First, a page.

indahouse Wed 27-Feb-13 21:21:41

You do resort to dummies but expect strangers in unfamiliar, noisy environment to refrain? I would do wathever it takes to make this difficult transition easier. Stress and lack of sleep will cause more damage than a dummy.

BrainDeadMama Wed 27-Feb-13 21:22:37

seems to need the dummy I meant to say!

Skyebluesapphire Wed 27-Feb-13 21:22:55

I was going to say YANBU until I realised that you do use one at home. If he is in a new environment then he probably needs the comfort of the dummy so yes I think YABU on reflection. Sorry. grin

GentlyGentlyOhDear Wed 27-Feb-13 21:24:36

My 10mo dd has a similar dummy set-up. We don't use it in the day at all but she has it at night time and if she is particularly upset (been struggling with teething and earache recently).
I would send the dummy in and say it is just for naptimes. I couldn't stand the thought of my baby being upset and inconsolable in a strange environment, all tired and wanting mummy to come and comfort her. I'm a bit soft though...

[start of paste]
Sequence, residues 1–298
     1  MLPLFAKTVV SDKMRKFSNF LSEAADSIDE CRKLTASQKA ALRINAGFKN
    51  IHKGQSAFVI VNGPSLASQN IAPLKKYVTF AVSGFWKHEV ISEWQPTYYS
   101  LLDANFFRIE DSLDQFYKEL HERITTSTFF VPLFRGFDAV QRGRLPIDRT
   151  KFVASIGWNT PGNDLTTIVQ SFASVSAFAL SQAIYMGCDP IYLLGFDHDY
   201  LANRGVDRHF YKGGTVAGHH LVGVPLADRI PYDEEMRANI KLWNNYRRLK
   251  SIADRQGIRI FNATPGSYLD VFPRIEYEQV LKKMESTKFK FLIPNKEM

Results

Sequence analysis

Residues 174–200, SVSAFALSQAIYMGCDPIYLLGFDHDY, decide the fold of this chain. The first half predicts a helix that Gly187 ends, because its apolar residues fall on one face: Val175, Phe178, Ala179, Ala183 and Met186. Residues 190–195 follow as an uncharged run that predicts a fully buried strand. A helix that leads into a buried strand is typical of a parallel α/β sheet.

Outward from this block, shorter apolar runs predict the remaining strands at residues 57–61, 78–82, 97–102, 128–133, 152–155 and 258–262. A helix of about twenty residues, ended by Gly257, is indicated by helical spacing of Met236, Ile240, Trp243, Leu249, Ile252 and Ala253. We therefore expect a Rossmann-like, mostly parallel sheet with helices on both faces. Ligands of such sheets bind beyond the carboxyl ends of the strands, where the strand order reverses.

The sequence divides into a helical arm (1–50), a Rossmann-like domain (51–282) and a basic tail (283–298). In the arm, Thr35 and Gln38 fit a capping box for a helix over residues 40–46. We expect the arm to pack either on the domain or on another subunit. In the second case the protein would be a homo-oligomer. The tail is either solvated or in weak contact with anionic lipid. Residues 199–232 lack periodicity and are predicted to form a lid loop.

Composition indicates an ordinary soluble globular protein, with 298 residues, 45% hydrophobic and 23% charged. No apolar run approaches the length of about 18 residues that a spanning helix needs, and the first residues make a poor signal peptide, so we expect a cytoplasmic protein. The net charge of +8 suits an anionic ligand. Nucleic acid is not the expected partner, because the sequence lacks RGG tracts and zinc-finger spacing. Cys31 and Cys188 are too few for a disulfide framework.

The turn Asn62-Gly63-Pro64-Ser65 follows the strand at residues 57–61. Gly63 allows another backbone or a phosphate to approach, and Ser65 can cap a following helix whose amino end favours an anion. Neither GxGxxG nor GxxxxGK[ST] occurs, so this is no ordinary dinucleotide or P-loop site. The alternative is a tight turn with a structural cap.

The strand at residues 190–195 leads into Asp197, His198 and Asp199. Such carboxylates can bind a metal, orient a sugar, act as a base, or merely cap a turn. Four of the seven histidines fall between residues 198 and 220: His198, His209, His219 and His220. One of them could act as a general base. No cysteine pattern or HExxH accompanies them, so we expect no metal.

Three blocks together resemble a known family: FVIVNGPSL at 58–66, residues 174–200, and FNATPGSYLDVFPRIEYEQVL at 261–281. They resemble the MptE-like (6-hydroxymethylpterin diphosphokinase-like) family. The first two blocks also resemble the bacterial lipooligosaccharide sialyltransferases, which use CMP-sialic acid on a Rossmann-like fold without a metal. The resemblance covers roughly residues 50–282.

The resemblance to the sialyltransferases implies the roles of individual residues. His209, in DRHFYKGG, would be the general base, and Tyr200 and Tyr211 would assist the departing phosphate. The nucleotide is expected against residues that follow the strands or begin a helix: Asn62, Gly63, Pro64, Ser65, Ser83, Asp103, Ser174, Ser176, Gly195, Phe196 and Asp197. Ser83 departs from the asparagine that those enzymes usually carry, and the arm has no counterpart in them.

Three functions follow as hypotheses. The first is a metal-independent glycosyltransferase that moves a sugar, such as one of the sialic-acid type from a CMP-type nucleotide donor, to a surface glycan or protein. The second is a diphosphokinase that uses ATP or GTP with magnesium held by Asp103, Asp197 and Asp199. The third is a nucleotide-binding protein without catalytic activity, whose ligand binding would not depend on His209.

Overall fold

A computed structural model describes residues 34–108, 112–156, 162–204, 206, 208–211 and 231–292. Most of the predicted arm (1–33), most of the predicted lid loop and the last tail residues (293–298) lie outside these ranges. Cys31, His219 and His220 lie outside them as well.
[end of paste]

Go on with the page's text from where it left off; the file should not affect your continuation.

I also think it is a bit much to expect the nursery to do your dummy-weaning.

FannyBazaar Wed 27-Feb-13 21:25:31

NHS website suggests 'Stop giving them the dummy when they're between 6 and 12 months old.' here as for someone else's dummy shock Yuck! Bleugh!! dummies crawling with germs.

mamapants Wed 27-Feb-13 21:26:47

I don't think the nursery is being unreasonable. Your little one has been upset, they've seen that a dummy does offer comfort so it makes sense.
Perhaps the other babies who have one constantly are like that at home and need one all the time.
In terms of what they would do with a baby who didn't have a dummy they would have to ask the parent what works for them. My LO doesn't have a dummy and never did and he wouldn't know what to do with it so no help he does however sleep well in his sling - if someone was looking after him for me I'd gibe them the sling as I would want him to have his sleep.

Megatron Wed 27-Feb-13 21:27:23

YABU. If he does not like to be comforted by being rocked or patted etc why on earth would you not wish him to be comforted in a familiar way by a dummy? He's still very young and you do use one at home. What are your expectations of the nursery staff on how to comfort him if he's in a state?